Booker bill would create federally funded savings account for every child

Booker bill would create federally funded savings account for every child
© Greg Nash

Sen. Cory BookerCory Anthony BookerThe Hill's Campaign Report: Bloomberg looks to upend Democratic race Poll: Biden support hits record low of 26 percent The Hill's 12:30 Report: Trump demands Bidens testify MORE (D-N.J.) is introducing a bill to give every U.S. child an interest-bearing savings account at birth in an attempt to reverse rising economic inequality.

The bill from Booker, who is seen as a likely 2020 presidential candidate, would create interest-bearing accounts funded by the federal government for each child born in the U.S, according to a summary released Monday.

The accounts would be administered by the Treasury Department and start with a $1,000 principal balance granted by the federal government. The government would then deposit up to $2,000 a year into each child’s account depending on total family income until the recipient turns 18.

The accounts would be federally insured, and the funds could only be used for homeownership and “human and financial capital investments that [change] life trajectories,” according to the summary.

“Everyone in America should have a real shot to succeed, but federal policy over decades and an upside down tax code that heaps benefits on the very rich and big corporations have grown the gap between those who have much and those who have little,” Booker said in a statement.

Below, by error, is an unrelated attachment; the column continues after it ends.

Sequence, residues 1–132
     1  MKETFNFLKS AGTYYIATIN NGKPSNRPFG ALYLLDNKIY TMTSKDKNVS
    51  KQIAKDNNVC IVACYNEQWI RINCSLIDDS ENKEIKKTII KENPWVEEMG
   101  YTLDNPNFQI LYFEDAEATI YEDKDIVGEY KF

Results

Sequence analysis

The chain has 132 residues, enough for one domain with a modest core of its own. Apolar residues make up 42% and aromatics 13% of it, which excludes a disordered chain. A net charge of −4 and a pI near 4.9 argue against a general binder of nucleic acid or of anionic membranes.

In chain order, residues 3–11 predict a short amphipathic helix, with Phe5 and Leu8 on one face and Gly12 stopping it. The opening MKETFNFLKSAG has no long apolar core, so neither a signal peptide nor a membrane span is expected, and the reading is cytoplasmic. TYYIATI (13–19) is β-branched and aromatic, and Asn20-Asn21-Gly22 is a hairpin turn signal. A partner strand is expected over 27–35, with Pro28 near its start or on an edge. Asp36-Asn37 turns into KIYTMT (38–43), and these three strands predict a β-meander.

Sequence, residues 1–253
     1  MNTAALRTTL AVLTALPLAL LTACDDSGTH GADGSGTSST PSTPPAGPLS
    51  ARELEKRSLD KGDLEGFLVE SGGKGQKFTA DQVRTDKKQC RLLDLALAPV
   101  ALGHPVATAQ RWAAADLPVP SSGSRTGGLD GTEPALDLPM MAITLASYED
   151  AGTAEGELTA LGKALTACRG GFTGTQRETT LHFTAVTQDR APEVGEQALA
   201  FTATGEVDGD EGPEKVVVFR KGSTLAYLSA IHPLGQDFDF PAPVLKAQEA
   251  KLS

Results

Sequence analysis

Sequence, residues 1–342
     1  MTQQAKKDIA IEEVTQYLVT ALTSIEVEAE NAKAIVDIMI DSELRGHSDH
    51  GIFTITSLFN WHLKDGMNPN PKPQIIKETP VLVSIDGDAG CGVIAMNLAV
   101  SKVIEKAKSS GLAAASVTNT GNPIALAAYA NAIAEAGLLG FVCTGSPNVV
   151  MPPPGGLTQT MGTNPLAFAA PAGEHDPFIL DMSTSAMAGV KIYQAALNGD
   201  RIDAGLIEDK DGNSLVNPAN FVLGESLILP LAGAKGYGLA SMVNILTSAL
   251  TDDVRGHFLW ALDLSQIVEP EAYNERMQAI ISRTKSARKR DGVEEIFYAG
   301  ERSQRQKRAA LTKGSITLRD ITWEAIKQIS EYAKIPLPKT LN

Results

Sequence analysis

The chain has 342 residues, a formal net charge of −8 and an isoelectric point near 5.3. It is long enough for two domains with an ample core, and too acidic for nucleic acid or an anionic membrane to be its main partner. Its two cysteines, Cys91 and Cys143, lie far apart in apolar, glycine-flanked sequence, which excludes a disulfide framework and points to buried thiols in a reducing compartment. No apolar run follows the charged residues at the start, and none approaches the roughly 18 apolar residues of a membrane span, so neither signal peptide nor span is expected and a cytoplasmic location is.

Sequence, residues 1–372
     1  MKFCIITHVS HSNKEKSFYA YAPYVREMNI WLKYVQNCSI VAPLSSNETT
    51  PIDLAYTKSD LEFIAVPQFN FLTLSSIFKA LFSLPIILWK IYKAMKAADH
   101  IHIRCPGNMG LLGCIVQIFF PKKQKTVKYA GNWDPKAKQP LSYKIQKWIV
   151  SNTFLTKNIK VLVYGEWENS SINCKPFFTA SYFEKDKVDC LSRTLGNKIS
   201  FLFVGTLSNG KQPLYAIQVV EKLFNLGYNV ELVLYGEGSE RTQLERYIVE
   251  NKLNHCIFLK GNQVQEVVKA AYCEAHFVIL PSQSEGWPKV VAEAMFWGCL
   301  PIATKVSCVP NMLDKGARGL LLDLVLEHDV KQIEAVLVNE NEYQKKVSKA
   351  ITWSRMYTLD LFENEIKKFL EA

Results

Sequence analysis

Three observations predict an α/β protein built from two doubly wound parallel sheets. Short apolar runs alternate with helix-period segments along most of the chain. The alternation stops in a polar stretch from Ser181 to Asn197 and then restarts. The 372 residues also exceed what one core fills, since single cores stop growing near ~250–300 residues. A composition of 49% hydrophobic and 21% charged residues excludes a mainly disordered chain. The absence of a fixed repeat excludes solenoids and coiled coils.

“Today, nearly one in three American families have zero to negative wealth, and it’s hard to get ahead if you begin life behind the starting line.”

The program would cost roughly $60 billion if implemented in 2019, a Booker aide told The Hill, and would be funded by increasing the capital gains tax rate by 4.2 points, increasing the estate tax to its 2009 level and raising taxes on multimillion-dollar inheritances. 

Economic inequality, typically measured by the wealth gap between the richest and poorest Americans, has steadily risen since the 2007-8 financial crisis. While those wealthy enough to invest amid the recession benefited from low interest rates and loose financial conditions established by the Federal Reserve, the resulting spike in equity and property values has left much of the working class behind.

There is also a staggering racial wealth gap resulting from decades of discriminatory laws and business practices that prevented minorities from accessing the same financial products and investments as whites. The median net worth of whites is roughly 10 times larger than of blacks, and nearly 1 in 5 black families have zero or negative net worth, according to Federal Reserve data from 2017.

Booker’s bill is the latest sweeping policy proposal from a 2020 hopeful meant to bolster the economic stability of working- and middle-class Americans. Several of Booker's potential Democratic primary rivals, including Sens. Kirsten GillibrandKirsten GillibrandSenate panel clears controversial Trump court pick Advocates step up efforts for horse racing reform bill after more deaths Harris proposes keeping schools open for 10 hours a day MORE (N.Y.) and Kamala HarrisKamala Devi HarrisPoll: Buttigieg leads Democratic field in Iowa Press: Another billionaire need not apply Saagar Enjeti dismisses Warren, Klobuchar claims of sexism MORE (Calif.) have rolled out bills to bolster the supply of affordable housing and increase low-income household wealth.

A similar federally funded savings program was instituted in Israel last year. 

--Updated at 3:47 p.m.